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Populations of Muscardinus avellanarius in north-western Europe can survive in forest poor landscapes, when there are enough hedges (Rodentia: Gliridae)


The hazel dormouse (Muscardinus avellanarius) is a strictly arboreal species. In its European lowland range, the forest coverage was heavily reduced during historical times, e.g. down to ca. 4% in the northern German federal state of Schleswig-Holstein in the 18th century. This low forest cover remained for 200 years. According to habitat models, hazel dormice cannot survive in the long-term in habitats with low levels of forest cover (<5–10%). To answer the question, how hazel dormouse populations survived in almost deforested areas the recent species distribution map for north-west Europe was analysed with a GIS-overlay of different habitat data. Additionally, historical maps for north-west Germany were analysed to find crucial historical landscape elements. The history of a site apparently influences the present status of hazel dormice. Forest cover of younger woodlands is still of importance but less determinant. Habitat tradition and continuity are important for habitat suitability for the hazel dormouse and identifying historical hedgerow systems and historical woodlands can help to find places with hitherto unknown presence of hazel dormouse. Apparently, for the hazel dormouse the lack of forest habitats in north-western Europe was successfully compensated by the creation of a hedgerow network. Hedgerows function as a habitat by themselves, not just as a connecting structure. A density of 50 m continuous high quality and well-connected hedgerows per hectare seems to be a minimum for the survival of hazel dormice in northwest European landscapes. The preservation of ancient habitats and the restoration of new habitats as core habitats and connections is a key strategy to facilitate the long-term survival and re-colonisation of species.

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Origin, Types, and Functioning of Chandeliers with Serpent Arms: From the Netherlands to Lithuania


Chandeliers with serpent arms held at the National Museum of Lithuania and the Lithuanian Art Museum are among the earliest found in Lithuania. Previous efforts to find chandeliers of similar décor in Latvia or Poland while collecting material on lighting fixtures in Lithuania and the neighbouring countries were unsuccessful. Due to that reason, it was thought that the spread of these chandeliers of extraordinary décor was limited to the territory of Lithuania. A closer and more thorough look into collections of Western European museums has revealed that the motif of an elegantly coiled snake on chandelier arms should be related to Hans Rogiers, a founder who worked in Amsterdam in 1598–1638.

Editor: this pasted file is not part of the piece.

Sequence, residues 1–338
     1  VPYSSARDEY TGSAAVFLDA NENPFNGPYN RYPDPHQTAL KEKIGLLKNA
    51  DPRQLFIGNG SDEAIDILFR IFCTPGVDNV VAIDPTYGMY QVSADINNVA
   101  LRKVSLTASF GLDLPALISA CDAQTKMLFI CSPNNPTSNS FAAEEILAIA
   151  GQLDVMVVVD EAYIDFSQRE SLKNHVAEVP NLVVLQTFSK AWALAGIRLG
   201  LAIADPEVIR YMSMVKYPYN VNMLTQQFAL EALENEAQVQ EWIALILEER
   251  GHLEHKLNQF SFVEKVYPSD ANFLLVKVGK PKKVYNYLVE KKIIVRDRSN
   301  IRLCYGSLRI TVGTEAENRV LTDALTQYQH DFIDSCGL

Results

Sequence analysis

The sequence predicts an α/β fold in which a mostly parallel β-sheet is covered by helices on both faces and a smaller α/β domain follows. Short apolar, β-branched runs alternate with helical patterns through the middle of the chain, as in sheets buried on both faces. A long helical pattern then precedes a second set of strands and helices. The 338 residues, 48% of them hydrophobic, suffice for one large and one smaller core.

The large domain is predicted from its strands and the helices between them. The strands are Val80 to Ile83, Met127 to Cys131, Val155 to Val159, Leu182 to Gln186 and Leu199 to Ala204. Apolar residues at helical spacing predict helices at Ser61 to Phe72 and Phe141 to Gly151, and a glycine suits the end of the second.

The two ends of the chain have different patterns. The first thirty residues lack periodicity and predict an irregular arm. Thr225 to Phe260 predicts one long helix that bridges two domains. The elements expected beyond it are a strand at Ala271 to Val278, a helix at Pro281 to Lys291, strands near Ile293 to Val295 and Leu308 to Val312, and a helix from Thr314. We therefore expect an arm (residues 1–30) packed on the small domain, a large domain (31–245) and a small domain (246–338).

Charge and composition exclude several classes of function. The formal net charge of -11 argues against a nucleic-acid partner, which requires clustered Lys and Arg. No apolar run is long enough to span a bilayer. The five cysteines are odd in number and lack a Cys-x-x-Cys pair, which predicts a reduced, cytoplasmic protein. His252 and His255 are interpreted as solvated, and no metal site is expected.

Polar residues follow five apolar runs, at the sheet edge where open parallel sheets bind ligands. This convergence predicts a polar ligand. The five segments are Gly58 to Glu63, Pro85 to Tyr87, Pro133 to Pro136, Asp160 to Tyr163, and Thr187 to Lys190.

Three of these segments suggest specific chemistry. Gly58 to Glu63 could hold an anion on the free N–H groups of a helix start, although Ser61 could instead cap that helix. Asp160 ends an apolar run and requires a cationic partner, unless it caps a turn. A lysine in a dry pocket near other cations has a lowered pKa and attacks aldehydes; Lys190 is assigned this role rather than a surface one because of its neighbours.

In the article, the origin of chandeliers with serpent arms in Western Europe and the ways they could have possibly reached Lithuania are traced back for the first time. Specimens that survived or did not survive in Lithuania, their development and problems of dating are analysed. Their functioning space is explored and the subject of their symbolism is addressed. The article aims to present and evaluate the surviving chandeliers with serpent arms in Lithuania. In the research, instruments of formal, comparative, iconographic, and reconstructive analysis were used.

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On Co-Creativity in Playful Classroom Activities

Space. Educational Research, 53 (3), 363-385. Chappell, K. & Jobbins, V. (2011). Partnership for Creativity. Expanding Teaching Possibilities. In K. Chappell, L. Rolfe, A. Craft & V. Jobbins (Eds). Close Encounters: Dance Partners for Creativity. (pp. 149-160). Stoke on Trent: Trentham Books. Chappell, K., & Craft, A., with Rolfe, L., & Jobbins, V. (2011). Not Just Surviving but Thriving. In K. Chapell, L. Rolfe, A. Craft & V. Jobbins (Eds.), Close Encounters: Dance Partners for Creativity. (pp. 143-159). Stoke on Trent: Trentham Books

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